This is the first of two inspired letters Paul wrote to his beloved son in the faith. Timothy received his name, which means “one who honors God,” from his mother (Eunice) and grandmother (Lois), devout Jews who became believers in the Lord Jesus Christ (2 Tim. 1:5) and taught Timothy the OT Scriptures from his childhood (2 Tim. 3:15). His father was a Greek (Acts 16:1) who may have died before Timothy met Paul.
Timothy was from Lystra (Acts 16:1–3), a city in the Roman province of Galatia (part of modern Turkey). Paul led Timothy to Christ (1:2,18; 1 Cor. 4:17; 2 Tim. 1:2), undoubtedly during his ministry in Lystra on his first missionary journey (Acts 14:6–23). When he revisited Lystra on his second missionary journey, Paul chose Timothy to accompany him (Acts 16:1–3). Although Timothy was very young (probably in his late teens or early twenties, since about 15 years later Paul referred to him as a young man, 4:12), he had a reputation for godliness (Acts 16:2). Timothy was to be Paul’s disciple, friend, and co-laborer for the rest of the apostle’s life, ministering with him in Berea (Acts 17:14), Athens (Acts 17:15), Corinth (Acts 18:5; 2 Cor. 1:19), and accompanying him on his trip to Jerusalem (Acts 20:4). He was with Paul in his first Roman imprisonment and went to Philippi (2:19–23) after Paul’s release. In addition, Paul frequently mentions Timothy in his epistles (Rom. 16:21; 2 Cor. 1:1; Phil. 1:1; Col. 1:1; 1 Thess. 1:1; 2 Thess. 1:1; Philem. 1). Paul often sent Timothy to churches as his representative (1 Cor. 4:17; 16:10; Phil. 2:19; 1 Thess. 3:2), and 1 Timothy finds him on another assignment, serving as pastor of the church at Ephesus (1:3). According to Heb. 13:23, Timothy was imprisoned somewhere and released.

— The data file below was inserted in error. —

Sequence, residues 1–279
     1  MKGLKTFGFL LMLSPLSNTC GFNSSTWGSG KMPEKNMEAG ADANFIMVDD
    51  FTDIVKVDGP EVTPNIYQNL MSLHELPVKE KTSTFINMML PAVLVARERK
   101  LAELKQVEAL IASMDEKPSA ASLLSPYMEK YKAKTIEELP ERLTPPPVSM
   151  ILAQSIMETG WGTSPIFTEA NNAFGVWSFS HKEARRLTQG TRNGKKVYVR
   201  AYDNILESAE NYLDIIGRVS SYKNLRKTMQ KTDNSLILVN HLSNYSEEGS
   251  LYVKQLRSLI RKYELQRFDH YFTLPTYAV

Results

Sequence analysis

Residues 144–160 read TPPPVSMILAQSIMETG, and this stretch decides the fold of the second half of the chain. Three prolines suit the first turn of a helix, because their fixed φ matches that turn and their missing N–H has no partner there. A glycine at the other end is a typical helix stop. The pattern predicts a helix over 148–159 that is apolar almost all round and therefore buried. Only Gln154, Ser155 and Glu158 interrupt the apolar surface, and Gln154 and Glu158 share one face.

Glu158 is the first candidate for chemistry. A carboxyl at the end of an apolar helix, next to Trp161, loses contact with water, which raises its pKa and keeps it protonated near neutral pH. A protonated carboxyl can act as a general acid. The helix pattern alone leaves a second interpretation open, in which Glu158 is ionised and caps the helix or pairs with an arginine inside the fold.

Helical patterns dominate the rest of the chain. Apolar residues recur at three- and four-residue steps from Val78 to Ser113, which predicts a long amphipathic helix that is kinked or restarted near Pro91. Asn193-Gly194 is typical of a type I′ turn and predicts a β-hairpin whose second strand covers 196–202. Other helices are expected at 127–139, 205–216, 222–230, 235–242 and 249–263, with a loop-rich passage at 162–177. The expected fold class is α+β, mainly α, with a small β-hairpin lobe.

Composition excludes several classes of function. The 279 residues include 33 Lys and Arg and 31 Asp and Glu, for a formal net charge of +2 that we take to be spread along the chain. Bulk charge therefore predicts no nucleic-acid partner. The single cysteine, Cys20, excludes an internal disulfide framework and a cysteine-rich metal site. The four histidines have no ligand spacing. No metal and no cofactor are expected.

Author and Date